2022-23 Iowa Wrestling

Hawkeye Insider: Iowa Reaping Rewards Of Third Attempt To Reel In Real

Hawkeye Insider: Iowa Reaping Rewards Of Third Attempt To Reel In Real

Iowa was unsuccessful in its previous efforts to land Real Woods, but the Stanford transfer is making a big impact now.

Feb 7, 2023 by Darren Miller
Hawkeye Insider: Iowa Reaping Rewards Of Third Attempt To Reel In Real
The third time’s a charm when it comes to the relationship between Real Woods and the University of Iowa wrestling program.

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The third time’s a charm when it comes to the relationship between Real Woods and the University of Iowa wrestling program.

Woods, a Hawkeye 141-pounder who is undefeated in 11 matches this season, was on Iowa’s recruiting radar as far back as his high school days at Montini Catholic High School in Lombard, Illinois. But getting Woods into the Dan Gable Wrestling Complex took a while. 

Fulfilling a lifelong dream, Woods committed to Stanford, where he went 42-8 in three seasons and won two Pac-12 championships. During his third season at Stanford, the school announced it was eliminating its wrestling program. Since the Hawkeyes had returning NCAA finalist Jaydin Eierman on their roster, they weren’t in the market for another 141-pounder. So, when Stanford reinstated its program, Woods stayed put and advanced to the 2022 NCAA Championships, where he reached the semifinals and placed sixth. After the season, Woods was once again ready to relocate. 

Iowa coach Tom Brands said the conversation with Woods was “very natural” after Woods began searching for graduate schools.

“[We said] Iowa City, Iowa has the best fans on the planet and they shower guys like you with affection and praise because you know how to get it done on the mat,” Brands said.

One of two undefeated wrestlers for second-ranked Iowa, Woods has been getting it done as a Hawkeye, with six of his 11 victories coming with bonus points. 

“I want to win on the wrestling mat. It’s as simple as that,” Woods said.

Brands says Woods is quiet, confident, and funny. On the mat, Brands refers to Woods as a phenom with his ability, athleticism, and mindset.

“(It is how) he walked and talked,” Brands said. “He would back it up, and when he didn’t back it up (with) results, he would back it up with his effort. When he got beat, he would bruise and batter you.”

For Woods, his brief time at Iowa has already made a positive impact on his wrestling from a technical and mental standpoint.

“I would say pushing me to open myself up and maybe even to be more open-minded to different ideas in my wrestling,” Woods said.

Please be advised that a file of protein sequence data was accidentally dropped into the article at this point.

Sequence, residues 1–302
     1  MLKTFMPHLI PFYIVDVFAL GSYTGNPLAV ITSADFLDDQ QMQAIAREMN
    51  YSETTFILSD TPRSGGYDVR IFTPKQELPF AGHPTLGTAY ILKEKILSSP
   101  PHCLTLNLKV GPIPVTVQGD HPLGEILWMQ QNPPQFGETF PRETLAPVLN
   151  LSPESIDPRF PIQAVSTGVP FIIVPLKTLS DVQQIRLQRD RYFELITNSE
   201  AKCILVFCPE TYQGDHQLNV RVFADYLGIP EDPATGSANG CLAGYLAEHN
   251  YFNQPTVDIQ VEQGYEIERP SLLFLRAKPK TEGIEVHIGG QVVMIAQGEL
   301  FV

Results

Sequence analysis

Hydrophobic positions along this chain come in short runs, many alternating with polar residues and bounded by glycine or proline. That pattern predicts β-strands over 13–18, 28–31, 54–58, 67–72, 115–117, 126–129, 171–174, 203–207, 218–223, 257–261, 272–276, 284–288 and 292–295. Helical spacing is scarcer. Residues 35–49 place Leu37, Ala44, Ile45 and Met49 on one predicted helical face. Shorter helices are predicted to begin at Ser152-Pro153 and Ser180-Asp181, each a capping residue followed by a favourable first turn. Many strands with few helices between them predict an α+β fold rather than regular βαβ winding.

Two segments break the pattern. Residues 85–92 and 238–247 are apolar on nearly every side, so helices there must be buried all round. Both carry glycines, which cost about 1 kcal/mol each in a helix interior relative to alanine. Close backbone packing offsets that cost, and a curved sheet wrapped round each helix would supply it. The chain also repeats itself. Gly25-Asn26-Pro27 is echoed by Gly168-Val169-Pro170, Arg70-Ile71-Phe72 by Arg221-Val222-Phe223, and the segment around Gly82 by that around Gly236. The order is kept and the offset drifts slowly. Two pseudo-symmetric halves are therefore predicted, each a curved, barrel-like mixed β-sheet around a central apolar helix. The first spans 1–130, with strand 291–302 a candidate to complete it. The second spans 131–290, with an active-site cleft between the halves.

Kennedy Surging In First Full Season As Starter

Like Woods, it took Patrick Kennedy time to embrace the Hawkeyes. Also like Woods, he now thrives in a black and gold singlet.

A native Minnesotan, Kennedy grew up rooting for his home-state Gophers. During the 2014 Big Ten Championships — and primarily to agitate a family friend and Hawkeye fan — he cheered for Ohio State’s Nathan Tomasello against Iowa’s Thomas Gilman. 

“My first memory was, I don’t like Tigerhawks,” Kennedy said. “As I got older and matured maybe, I fricking love Tigerhawks.”

Kennedy is rated #8 nationally at 165 pounds and improved to 14-2 on the season when he returned to his home state Feb. 3 and defeated Minnesota’s Cael Carlson, 13-8.

How did Kennedy become attached to the Hawkeyes? First, his high school coach was Iowa All-American Jamie Heidt. Second, while in high school he could use Iowa’s Dan Gable Wrestling Complex as a Regional Training Center. 

“I didn’t come (to Iowa City) for a couple days, a couple times, a couple weekends,” Kennedy said. “I was here a lot. For the amount of time I was here, a person couldn’t be fake for that long. You can go on a weekend visit and people can put a persona on, but I was down here for days, weeks at a time. What I saw out of (head coach Tom) Brands and what I saw out of (assistant coach Ryan) Morningstar, people around the program, is how I was raised. It was an easy transition for me. 

“I was raised that way by my parents, my high school coach was a Hawk, and that’s how we trained and the philosophy wasn’t really different. The philosophy of out-train the world and have fun while you’re doing it was basically the same thing, and it was easy and it was probably one of the best decisions I have made in my life so far.” 

In return, Hawkeye fans are enjoying Kennedy. After waiting in the wings behind four-time Big Ten champion Alex Marinelli, this is Kennedy’s first season as a full-time starter. His only losses are to #2 David Carr of Iowa State (10-4) and # 6 Dean Hamiti of Wisconsin (4-3).

Kennedy laughs about his initial thought of the Hawkeyes, which seems like eons ago. The University of Iowa is where he was meant to be. 

“I jumped on board and I’m not getting off board,” he said.